The Three Sisters Art Print
The Three Sisters Art Print
  • Load image into Gallery viewer, The Three Sisters Art Print
  • Load image into Gallery viewer, The Three Sisters Art Print
Free Worldwide Shipping, shipped from Estonia
Printed on high-quality matte photo paper
Comes with an info sheet on the deity

The Three Sisters Art Print

Regular price
€26,00
Sale price
€26,00
Regular price
Unit price
per 

Free Worldwide Shipping, shipped from Estonia
Printed on high-quality matte photo paper
Comes with an info sheet on the deity

The Three Sisters are represented by squash corn and bean and they’re an important facet of Indigenous culture and foodways. A number of Native American tribes interplanted this trio because they thrive together much like three inseparable sisters.

They’re planted in a symbiotic triad where beans are planted at the base of the corn stalks. The stalks offer climbing bean vines support as they reach for sunlight from the earth. The beans in turn pump beneficial nitrogen back into the soil fertilizing the corn and squash while the squash's broad spiny leaves protect the bean plants from predatory animals.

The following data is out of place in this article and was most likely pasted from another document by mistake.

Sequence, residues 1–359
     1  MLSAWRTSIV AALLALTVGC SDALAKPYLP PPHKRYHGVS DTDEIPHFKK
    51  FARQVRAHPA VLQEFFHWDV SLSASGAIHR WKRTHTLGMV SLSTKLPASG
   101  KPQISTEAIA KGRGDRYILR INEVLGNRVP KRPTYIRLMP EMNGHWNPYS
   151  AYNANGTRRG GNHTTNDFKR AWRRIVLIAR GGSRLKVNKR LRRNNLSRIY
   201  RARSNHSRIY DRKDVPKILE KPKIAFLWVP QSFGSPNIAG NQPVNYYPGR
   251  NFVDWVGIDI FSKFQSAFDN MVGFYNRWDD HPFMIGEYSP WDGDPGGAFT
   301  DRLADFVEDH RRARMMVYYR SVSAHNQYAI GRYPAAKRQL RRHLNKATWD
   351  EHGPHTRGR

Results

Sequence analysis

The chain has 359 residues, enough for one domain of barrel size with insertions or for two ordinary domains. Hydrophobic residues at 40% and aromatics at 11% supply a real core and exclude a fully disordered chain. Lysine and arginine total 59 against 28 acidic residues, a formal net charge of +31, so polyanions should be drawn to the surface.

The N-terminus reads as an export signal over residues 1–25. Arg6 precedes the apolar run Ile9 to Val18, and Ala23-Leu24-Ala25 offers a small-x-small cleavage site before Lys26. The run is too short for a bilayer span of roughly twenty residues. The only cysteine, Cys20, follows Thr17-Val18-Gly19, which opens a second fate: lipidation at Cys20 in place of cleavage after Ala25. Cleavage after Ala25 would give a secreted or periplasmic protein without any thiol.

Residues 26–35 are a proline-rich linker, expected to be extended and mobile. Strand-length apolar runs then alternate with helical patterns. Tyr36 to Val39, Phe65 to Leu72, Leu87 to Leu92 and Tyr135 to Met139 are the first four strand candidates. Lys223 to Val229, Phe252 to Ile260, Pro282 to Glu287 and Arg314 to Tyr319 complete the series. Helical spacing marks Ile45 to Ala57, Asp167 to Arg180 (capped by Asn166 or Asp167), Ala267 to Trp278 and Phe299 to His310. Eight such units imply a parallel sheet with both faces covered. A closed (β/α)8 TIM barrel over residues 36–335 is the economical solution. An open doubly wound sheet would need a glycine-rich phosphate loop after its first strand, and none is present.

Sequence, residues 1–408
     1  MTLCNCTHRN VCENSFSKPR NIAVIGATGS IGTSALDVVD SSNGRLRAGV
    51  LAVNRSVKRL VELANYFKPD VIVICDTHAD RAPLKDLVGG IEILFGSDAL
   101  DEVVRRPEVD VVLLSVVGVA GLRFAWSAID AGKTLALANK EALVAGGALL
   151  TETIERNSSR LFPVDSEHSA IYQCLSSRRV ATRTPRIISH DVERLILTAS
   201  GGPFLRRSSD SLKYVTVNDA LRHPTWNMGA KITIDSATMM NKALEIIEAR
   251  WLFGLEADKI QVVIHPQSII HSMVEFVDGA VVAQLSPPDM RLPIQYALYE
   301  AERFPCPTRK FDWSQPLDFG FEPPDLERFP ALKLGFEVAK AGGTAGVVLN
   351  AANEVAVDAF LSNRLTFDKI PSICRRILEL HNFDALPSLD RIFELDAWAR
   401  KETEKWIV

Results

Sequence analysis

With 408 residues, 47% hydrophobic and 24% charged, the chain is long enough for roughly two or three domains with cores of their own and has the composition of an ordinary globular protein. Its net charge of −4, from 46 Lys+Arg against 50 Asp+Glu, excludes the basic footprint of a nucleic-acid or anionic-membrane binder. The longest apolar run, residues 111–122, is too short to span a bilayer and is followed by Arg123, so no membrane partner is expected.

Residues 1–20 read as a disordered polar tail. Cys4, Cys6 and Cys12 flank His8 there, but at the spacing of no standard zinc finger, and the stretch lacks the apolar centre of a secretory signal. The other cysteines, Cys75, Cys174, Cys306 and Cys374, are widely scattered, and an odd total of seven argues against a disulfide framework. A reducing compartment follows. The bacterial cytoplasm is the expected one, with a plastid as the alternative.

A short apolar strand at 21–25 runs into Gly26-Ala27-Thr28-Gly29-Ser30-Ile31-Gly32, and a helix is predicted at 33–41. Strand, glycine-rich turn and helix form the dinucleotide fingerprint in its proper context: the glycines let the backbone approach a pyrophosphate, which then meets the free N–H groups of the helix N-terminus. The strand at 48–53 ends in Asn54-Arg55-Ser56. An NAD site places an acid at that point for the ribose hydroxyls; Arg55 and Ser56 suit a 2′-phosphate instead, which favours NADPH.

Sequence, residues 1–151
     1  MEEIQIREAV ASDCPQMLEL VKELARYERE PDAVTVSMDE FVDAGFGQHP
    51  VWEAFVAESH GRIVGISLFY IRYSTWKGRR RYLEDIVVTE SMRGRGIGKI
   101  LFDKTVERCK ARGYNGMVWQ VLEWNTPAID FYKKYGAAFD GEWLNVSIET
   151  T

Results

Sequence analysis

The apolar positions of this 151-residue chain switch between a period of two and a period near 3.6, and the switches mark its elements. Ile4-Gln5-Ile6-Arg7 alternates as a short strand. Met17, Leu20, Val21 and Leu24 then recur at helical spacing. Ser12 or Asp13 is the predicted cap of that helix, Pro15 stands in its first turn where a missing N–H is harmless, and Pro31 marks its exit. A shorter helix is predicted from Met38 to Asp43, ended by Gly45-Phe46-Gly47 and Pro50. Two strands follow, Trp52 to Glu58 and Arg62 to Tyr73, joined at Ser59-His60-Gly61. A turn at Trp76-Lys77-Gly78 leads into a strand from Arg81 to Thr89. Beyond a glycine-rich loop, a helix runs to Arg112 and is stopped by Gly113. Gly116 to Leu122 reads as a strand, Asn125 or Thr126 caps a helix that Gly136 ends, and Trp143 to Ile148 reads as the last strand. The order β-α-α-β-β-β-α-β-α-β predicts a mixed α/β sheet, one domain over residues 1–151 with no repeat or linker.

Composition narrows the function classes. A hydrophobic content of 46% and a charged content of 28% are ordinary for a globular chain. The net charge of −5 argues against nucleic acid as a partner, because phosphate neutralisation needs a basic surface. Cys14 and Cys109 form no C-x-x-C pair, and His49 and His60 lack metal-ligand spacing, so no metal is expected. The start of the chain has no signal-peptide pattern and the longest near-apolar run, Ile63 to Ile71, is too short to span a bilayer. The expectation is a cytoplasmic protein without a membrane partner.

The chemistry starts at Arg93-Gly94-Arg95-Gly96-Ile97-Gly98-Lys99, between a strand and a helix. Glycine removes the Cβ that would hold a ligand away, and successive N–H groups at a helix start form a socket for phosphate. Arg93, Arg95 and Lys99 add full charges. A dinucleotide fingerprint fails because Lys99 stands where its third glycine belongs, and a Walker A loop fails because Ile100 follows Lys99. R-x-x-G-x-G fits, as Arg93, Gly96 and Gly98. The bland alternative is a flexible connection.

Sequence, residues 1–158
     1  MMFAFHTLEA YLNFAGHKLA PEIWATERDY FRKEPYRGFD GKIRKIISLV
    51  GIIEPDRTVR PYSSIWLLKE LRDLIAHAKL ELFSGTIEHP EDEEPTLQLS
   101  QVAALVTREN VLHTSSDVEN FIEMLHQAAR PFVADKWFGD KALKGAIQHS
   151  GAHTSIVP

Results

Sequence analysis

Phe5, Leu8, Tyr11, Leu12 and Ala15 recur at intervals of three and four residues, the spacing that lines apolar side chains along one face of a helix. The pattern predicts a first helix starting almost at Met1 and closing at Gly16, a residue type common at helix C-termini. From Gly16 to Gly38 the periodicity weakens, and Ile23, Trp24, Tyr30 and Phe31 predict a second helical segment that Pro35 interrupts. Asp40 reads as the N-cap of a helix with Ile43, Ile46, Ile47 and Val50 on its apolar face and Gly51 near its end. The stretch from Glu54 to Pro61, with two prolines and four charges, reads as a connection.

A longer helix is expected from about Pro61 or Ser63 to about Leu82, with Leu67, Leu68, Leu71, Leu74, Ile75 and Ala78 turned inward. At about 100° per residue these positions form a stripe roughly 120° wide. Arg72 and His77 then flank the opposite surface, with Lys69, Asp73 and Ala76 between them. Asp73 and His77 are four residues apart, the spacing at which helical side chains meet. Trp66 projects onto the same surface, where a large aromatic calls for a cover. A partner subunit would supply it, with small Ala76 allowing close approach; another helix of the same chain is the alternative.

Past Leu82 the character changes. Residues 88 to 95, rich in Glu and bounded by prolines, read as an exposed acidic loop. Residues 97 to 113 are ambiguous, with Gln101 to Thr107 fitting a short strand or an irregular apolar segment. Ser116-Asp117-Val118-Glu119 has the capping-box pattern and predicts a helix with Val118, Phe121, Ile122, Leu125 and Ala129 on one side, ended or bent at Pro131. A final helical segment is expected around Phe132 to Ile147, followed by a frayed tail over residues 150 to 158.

The Three Sisters also offer spiritual connection and appear in mythology across tribes from the Hopis of the Southwest to the Oneidas of the Midwest and the Iroquois in the Northeast.

The Iroquois believe corn beans and squash are precious gifts from the Great Spirit each watched over by one of three sisters spirits called the De-o-ha-ko or "Our Sustainers." The planting season is marked by ceremonies to honor them and a festival commemorates the first harvest of green corn on the cob. By retelling the stories and performing annual rituals Native Americans passed down the knowledge of growing using and preserving the Three Sisters through generations.

On the subject of Native Americans as well as the story of “The Three Sisters” I'd like to spread awareness about The Missing and Murdered Indigenous Women (MMIW) which is a human-rights crisis disproportionately affecting Indigenous peoples in Canada and the United States notably those in the FNMI (First Nations Métis Inuit) and Native American communities. A corresponding mass movement in the US and Canada works to raise awareness of missing and murdered Indigenous women and girls through organized marches, the building of databases, local community city council and tribal council meetings, and domestic violence trainings for police. Please follow @mmiwhoismissing to learn more find resources and spread awareness about this. Thank you. ❤

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